Anybody who's ever paid any attention to him, however briefly, can't help noticing that Donald Trump is an extreme "type A" personality. His intelligence may be limited, but his cunning, combined with a sharply-honed killer instinct, render his unlimited ambitions formidable.
According to at least one poll, Trump is now the leading Republican candidate for the presidency, and in an f-word seasoned speech in Vegas last night he showed why. Among the other highlights of his calculated rant, Trump suggested that when negotiating with the Chinese, we should refer to them as "motherfuckers."
His bold and audacious embrace of birtherism, when his party's most overt ovaries-to-the-wall lunatics, Palin and Bachmann, are timidly tiptoeing around the issue, has won him the affections of the tribe's loosest cannons. He might look like Don Quixote, but, like the famous knight-errant, money and power mean nothing to him. It's all about dreaming "The Impossible Dream" and overcoming the challenge to "boldly go where no sociopath (except George W. Bush) has gone before."
Trump is not the first Republican politician to notice that the teabaggers are the ideological engine driving the party right now, but unlike the others he has shrewdly and boldly bet all his chips on winning their enthusiastic allegiance. He's wagering that their devotion is the key to the nomination, and I'll bet he's right.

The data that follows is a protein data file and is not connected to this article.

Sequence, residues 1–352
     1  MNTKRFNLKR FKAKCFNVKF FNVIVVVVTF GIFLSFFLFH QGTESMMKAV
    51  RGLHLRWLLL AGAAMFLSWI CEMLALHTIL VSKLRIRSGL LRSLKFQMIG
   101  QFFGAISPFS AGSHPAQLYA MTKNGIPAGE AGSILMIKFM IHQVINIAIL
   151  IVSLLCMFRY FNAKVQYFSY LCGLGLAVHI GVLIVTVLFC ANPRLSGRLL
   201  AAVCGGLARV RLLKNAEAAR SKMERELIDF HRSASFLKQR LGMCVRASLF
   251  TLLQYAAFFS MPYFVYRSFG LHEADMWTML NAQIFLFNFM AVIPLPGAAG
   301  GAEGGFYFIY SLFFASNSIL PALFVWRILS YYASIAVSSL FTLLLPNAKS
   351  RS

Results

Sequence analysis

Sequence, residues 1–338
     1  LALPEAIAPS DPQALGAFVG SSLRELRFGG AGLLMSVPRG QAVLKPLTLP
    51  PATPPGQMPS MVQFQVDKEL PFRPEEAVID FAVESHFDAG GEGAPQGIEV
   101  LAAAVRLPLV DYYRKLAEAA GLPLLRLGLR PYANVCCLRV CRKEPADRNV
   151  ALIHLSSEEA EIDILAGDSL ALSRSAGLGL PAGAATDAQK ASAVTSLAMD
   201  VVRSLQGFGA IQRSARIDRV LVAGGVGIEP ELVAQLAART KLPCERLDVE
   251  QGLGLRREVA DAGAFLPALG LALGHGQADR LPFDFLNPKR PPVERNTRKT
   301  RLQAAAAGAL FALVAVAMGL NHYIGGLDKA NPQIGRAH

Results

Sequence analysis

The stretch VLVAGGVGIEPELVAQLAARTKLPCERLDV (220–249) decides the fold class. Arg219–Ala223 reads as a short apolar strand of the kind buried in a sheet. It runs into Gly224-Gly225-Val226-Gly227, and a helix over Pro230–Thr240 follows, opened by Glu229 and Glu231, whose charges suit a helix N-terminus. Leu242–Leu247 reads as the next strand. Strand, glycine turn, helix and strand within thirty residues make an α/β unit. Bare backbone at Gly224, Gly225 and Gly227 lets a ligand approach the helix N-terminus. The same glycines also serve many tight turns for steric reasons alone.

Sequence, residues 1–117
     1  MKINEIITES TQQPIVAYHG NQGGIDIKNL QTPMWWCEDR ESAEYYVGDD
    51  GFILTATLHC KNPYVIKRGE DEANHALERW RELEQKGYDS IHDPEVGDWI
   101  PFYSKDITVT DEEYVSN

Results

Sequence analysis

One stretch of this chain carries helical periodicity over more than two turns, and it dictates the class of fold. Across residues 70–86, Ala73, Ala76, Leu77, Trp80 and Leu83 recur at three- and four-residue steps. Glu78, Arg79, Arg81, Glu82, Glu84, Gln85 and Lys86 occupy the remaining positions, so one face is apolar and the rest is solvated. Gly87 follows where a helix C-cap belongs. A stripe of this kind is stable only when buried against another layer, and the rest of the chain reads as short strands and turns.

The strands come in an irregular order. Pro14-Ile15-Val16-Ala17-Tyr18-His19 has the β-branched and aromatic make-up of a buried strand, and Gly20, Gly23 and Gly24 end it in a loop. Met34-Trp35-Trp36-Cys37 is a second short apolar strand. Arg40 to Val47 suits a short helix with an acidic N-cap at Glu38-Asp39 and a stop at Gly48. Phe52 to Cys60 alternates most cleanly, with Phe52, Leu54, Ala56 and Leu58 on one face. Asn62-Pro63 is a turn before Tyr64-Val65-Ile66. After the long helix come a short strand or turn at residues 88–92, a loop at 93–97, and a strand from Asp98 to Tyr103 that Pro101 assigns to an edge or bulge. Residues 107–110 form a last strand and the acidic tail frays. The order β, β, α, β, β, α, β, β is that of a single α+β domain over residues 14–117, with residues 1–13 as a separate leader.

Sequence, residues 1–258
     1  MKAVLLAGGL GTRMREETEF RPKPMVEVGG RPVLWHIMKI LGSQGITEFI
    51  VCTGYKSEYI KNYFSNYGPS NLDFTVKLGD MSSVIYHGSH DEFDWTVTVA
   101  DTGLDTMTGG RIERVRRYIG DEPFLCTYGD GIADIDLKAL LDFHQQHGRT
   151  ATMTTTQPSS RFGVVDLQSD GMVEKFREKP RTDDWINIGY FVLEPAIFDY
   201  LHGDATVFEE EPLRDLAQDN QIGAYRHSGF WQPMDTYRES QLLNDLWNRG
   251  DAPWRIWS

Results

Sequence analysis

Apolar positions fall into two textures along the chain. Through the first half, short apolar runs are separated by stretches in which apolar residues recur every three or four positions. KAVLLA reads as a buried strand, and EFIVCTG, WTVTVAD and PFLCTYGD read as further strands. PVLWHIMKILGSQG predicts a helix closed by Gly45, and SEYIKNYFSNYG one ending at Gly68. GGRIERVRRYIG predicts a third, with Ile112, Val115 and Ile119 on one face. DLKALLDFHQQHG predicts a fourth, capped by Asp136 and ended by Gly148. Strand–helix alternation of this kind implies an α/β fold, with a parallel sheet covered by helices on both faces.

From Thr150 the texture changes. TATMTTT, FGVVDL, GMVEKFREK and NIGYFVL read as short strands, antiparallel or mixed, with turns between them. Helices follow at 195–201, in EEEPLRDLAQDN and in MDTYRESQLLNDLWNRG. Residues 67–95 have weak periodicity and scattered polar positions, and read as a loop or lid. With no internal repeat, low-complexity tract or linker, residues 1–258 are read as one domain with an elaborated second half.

Of course, after the nomination comes the election, which Trump can't possibly win. Like an earlier demagogue willing to say or do anything to fire up his fanatical and potentially violent base, he will pull about a third of the vote in the presidential balloting, and this country doesn't have a chancellorship or a President Hindenberg to appoint him to it. But if there is any avenue to power available, rest assured that Trump will find it.
What he would actually do with such power were he to achieve it remains a mystery, because I'm sure he hasn't thought about that yet. But a rotten tree never bears good fruit.
Karl Marx, using the career of Napoleon III as his example, declared that "History happens twice, the first time as tragedy, the second time as farce." I can't imagine what the comic version of the political disaster that happened in Germany in 1933 would look like, and I'm afraid to find out.
Monday, April 25, 2011
Word on the street is that tonight, April 25, Japanese bankers and investors are going to take silver down. If so it'll be interesting to see how it plays out.
What prompted their decision to do it now was the American Precious Metals Exchange (AMPEX), the biggest on-line trader, confirmed that it is offering to buy any amount of silver at $3. over spot price. Demand is overwhelming available supplies, and that hurts Asian economies.
About 40 percent of silver demand is for industrial purposes, and a lot of that is the amount of silver needed for the circuit boards that go into so many of the electronics products coming from the Far East.
Could be a roller coaster.
UPDATE: If that four-dollar drop last night was it, and I think it was, there's not much to be afraid of. The shiny stuff is holding its own today at about $45. Industrial demand, plus the demand generated by millions of small buyers of bullion now outweighs the power of investors to control prices.